Got it? Purrfect. 

October Newsletter

posted Oct 28, 2016, 10:46 PM by Kendall & Cooper   [ updated Dec 18, 2016, 12:02 PM ]

Write In The Harbor Conference November 5th

I'm looking forward to conducting workshops at this exciting conference at this annual Gig Harbor Writer's Conference

        Revenge, Risk, Reward, The Art of Mystery
                It will be so fun co-facilitating with Julie Cooper again

        Project Manage Your Book From Start to Finish

        Marketing 101
               I'm so privileged to be on this panel with A. C. Fuller and Anna Fuller



Fall Back To Reading and Writing


     As daylight time gets shorter, and there's a chill in the air I appreciate mysteries even more.  That chill that goes up my spinne is more than the season.  This season of shadows and silhouettes suggest mystery.

    As I write we're on the verge of Halloween, and my Podner Julie Cooper and I talk Haunted Mysteries with the author of Haunted Snohomish, and other books Deb Cuyle.  

    Deb Cuyle writes a descriptive and entertaining series that combines historical with paranormal, and mystery.

    Take a look in your writing to see what you're mixing together as well, to be sure you're giving emphasis to the inforamtion you really want to highlight at different points of a scene.  It's not a balance of different aspects combined.  It's a mix.  You, the author, decide how you'll artfully craft how much of each ingredient into each scene.  Deb is mixing the importance of setting, with historical context, paranormal action, and cozy community.  Think of how interesting all these dimensions are to her readers.  And she appeals to a broader target audience.

    In your work have you included all the dimensions you want, to fully tell your story?

    Enjoy this Halloween treat with  Haunted Snohomish author Deb Cuyle, and some mystery talk from Kendall & Cooper.  We've all got some reading recommendations for you as well.  https://www.youtube.com/watch?v=gOBRTCBMqiU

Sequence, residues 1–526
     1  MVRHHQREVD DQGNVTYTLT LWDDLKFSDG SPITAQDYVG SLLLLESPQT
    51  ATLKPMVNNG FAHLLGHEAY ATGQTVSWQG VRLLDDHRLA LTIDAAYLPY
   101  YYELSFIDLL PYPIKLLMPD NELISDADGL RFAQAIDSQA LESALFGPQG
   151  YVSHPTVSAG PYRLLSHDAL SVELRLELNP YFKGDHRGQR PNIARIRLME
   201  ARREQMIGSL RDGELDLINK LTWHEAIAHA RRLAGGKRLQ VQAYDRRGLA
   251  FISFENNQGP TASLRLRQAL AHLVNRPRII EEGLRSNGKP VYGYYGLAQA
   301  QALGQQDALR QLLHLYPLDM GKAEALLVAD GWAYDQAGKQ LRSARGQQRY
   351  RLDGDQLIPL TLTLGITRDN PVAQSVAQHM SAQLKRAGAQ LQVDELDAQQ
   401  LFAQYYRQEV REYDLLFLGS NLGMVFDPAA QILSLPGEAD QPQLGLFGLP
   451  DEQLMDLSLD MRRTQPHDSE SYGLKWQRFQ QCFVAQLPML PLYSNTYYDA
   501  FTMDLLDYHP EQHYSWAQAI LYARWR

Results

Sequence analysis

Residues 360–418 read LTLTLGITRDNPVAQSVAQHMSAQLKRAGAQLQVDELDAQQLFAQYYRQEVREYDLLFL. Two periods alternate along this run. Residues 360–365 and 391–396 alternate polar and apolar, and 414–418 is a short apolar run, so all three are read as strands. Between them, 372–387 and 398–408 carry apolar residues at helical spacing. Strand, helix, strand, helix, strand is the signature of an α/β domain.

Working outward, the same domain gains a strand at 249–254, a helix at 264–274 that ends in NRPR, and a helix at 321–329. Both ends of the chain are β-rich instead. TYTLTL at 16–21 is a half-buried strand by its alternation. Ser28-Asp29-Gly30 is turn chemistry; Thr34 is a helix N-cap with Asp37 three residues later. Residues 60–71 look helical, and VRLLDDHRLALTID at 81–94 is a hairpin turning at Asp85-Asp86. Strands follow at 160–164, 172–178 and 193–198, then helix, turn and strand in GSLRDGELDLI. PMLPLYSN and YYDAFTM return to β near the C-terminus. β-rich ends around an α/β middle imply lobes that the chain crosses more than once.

The Game’s Afoot

The International Exhibit of Sherlock Holmes is in Seattle at the Pacific Science Center now to January 8, 2017.  I hope you’ll take the time to enjoy visiting this interactive exhibit where you’ll become Holmes’ eyes and ears, helping him to solve another baffling case.

For the general public, the mystery genre really got its start in 1887 when Arthur Conan Doyle introduced Sherlock Holmes. Here we have the archetypal detective. Detecting is his job, and something he does for intellectual amusement. He goes about it rationally. He’s quirky, but effective. Like a lot of modern detectives, Holmes is alienated from society and has an occasional problem with substance abuse.

Most significant, Holmes gives us the first example of the detective who is a little arrogant, with a taste for the darker side of human nature and an unrelenting determination to solve the case.

Sherlock Holmes is the subject of four novels, and fifty-six short stories by Sir Arthur Conan Doyle.  In a way, Holmes epitomized the times he was written in.  The Victorian age was an age of great technological and scientific advancement, and this is reflected in the Holmes stories in many ways.  It was an era not only of science but of the scientific method.  Darwin had applied the method to naturalism and come up with his theory of evolution.

Although he didn’t particularly like the detective he had created, Conan Doyle had found a meal ticket that would allow him to write the serious literature he really desired.  Throughout his career he returned to Sherlock Holmes when he needed money.  Ironically, Conan Doyle came to feel that Holmes was in the way of him attaining the literary greatness he sought.

How can Sherlock Holmes be discussed without speaking of Watson?  The two are inseparable.  They complement and complete each other.  They first meet because both of them are looking for someone to share a flat with.  The most important fact of the relationship is that it’s through Watson’s eyes that we see Sherlock Holmes.

Holmes isn’t a very nice character on the whole.  George Bernard Shaw once described him as “a drug addict without a single amiable trait.”

Just as Sherlock Holmes had a formula for discovering bloodstains, Conan Doyle had a formula for writing mysteries.  All detective stories rely on a backstory.  They usually begin with the discovery of a crime.  The action on the page is the discovery of the facts of the case, but the action of the story itself has already happened.  So actually mysteries start at the end and the detective reveals thestory to the reader as s/he learns it through investigation.

The Holmes stories are certainly mysteries, but some have other aspects as well.  Some have aspects of horror.  The Hound of the Baskervilles is closest to aspects of the supernatural.

When you visit the International Exhibit of Sherlock Holmes, or when you’re solving other mysteries, you may want to keep in mind Holmes’ admonishment, “when you have eliminated the impossible, whatever remains, however improbable, must be the truth.”

September, 2016 Newsletter - Changing Seasons, Positive Changes In Your Routine

posted Sep 14, 2016, 7:23 PM by Kendall & Cooper   [ updated Dec 18, 2016, 12:03 PM ]